One of the things I've always liked best about Jane Eyre is how non-compliant she is. That may be a horrible thing, but I myself am not at all a compliant person, and so from the first time I read this book, I identified with that aspect of Jane's personality very strongly.
The whole part where Jane returns to Thornfield really hit my emotions this time, especially when she said that she "had never experienced the sensation" of returning home before (p. 283).
Does it ever bug you when old books like this don't give names for towns or even counties? Like here, where Bronte rights, "The evening arrival at the great town of ---------------- scattered these thoughts" (p. 284). For some reason, that always annoys me. I want to know WHAT town they're talking about, even if it's a made-up place.
I really love how Jane thought for a moment that Mr. Rochester was a ghost, and felt "every nerve I have is unstrung" (p. 285) because it so clearly echoes their first meeting, when he accused her of bewitching his horse.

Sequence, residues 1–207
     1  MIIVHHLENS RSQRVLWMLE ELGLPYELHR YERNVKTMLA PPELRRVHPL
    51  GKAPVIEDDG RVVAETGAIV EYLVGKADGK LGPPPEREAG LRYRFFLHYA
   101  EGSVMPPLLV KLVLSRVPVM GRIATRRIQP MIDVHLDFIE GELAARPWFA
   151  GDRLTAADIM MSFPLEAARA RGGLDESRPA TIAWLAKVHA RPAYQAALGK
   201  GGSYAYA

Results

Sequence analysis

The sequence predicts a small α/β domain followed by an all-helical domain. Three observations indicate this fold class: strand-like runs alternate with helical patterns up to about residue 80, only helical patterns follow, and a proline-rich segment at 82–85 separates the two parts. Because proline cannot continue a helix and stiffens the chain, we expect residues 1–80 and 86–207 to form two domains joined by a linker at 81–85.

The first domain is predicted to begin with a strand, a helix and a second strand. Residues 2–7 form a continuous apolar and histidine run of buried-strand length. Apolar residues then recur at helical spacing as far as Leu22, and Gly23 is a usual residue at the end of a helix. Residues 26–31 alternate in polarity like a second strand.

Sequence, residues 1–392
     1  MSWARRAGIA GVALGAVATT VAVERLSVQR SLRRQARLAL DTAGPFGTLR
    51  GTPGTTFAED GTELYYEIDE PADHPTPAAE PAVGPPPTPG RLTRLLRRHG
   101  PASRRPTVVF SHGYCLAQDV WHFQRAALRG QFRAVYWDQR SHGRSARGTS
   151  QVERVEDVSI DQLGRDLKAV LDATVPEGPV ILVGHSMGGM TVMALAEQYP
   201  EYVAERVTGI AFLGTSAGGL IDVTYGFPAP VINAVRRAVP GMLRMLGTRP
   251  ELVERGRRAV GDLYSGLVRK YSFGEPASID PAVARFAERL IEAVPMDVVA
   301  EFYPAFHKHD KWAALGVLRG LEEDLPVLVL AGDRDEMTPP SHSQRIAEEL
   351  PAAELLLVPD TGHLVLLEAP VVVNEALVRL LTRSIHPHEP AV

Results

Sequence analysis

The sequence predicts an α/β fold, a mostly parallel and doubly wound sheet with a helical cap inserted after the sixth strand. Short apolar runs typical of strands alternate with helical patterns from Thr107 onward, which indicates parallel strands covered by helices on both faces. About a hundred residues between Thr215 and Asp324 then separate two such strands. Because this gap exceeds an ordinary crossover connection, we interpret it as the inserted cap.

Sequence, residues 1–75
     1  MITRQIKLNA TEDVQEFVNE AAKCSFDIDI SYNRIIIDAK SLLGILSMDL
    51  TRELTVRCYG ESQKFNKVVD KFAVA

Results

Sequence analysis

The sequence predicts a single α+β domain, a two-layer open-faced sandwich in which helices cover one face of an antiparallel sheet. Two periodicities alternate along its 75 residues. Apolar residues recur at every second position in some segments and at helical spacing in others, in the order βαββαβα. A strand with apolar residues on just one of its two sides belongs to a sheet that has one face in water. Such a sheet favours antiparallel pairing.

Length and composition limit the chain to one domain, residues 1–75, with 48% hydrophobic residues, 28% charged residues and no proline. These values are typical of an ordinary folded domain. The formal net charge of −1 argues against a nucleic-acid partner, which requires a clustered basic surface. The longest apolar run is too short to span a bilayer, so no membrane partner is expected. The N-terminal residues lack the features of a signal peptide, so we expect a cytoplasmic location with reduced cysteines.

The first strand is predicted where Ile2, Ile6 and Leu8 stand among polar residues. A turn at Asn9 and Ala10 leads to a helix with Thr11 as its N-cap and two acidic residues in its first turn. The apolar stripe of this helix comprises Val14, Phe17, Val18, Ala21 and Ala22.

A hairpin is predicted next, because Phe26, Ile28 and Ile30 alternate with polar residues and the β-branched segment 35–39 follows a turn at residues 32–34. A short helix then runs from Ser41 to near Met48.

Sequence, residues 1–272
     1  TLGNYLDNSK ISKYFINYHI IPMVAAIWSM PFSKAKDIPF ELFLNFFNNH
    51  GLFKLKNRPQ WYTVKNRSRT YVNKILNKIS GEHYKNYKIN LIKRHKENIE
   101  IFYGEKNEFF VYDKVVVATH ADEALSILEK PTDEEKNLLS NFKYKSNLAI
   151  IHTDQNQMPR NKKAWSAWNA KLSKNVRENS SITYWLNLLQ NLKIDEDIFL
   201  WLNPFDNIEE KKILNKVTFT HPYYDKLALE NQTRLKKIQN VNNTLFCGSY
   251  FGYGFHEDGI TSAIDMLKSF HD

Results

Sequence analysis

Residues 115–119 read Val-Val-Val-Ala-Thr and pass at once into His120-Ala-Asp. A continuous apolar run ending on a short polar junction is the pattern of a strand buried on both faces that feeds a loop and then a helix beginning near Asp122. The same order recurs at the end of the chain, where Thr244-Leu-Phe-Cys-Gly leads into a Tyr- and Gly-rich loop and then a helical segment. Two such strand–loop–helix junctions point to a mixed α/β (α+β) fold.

Also, I love that he here nicknames her Janet. It's so small a thing, but so sweet, and I like how it shows his regard for her without an outright declaration.
But what is so headstrong as youth -- what so blind as inexperience? (p. 285)
His last words were balm. They seemed to imply that it imported something to him whether I forgot him or not (p. 287).
"Pass, Janet," said he, making room for me to cross the stile; "go up home, and stay your weary little wandering feet at a friend's threshold" (p. 287).
...there is no happiness like that of being loved by our fellow-creatures, and feeling that your presence is an addition to their comfort (p. 288).
Possible Discussion Questions:
Why do you suppose Bronte switches to the present tense for a few paragraphs when Jane first sees Mr. Rochester again?